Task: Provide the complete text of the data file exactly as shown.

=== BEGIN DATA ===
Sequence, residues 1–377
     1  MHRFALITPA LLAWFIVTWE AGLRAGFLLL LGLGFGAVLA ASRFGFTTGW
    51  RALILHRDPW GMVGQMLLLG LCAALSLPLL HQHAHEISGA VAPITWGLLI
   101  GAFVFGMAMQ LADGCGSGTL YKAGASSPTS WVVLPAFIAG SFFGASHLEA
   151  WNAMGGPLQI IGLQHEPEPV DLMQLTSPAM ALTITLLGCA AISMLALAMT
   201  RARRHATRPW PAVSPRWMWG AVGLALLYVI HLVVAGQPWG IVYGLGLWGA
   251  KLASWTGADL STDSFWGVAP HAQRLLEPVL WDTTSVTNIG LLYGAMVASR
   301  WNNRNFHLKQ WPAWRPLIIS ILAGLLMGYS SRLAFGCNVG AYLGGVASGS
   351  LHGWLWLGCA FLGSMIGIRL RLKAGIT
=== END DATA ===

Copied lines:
Sequence, residues 1–377
     1  MHRFALITPA LLAWFIVTWE AGLRAGFLLL LGLGFGAVLA ASRFGFTTGW
    51  RALILHRDPW GMVGQMLLLG LCAALSLPLL HQHAHEISGA VAPITWGLLI
   101  GAFVFGMAMQ LADGCGSGTL YKAGASSPTS WVVLPAFIAG SFFGASHLEA
   151  WNAMGGPLQI IGLQHEPEPV DLMQLTSPAM ALTITLLGCA AISMLALAMT
   201  RARRHATRPW PAVSPRWMWG AVGLALLYVI HLVVAGQPWG IVYGLGLWGA
   251  KLASWTGADL STDSFWGVAP HAQRLLEPVL WDTTSVTNIG LLYGAMVASR
   301  WNNRNFHLKQ WPAWRPLIIS ILAGLLMGYS SRLAFGCNVG AYLGGVASGS
   351  LHGWLWLGCA FLGSMIGIRL RLKAGIT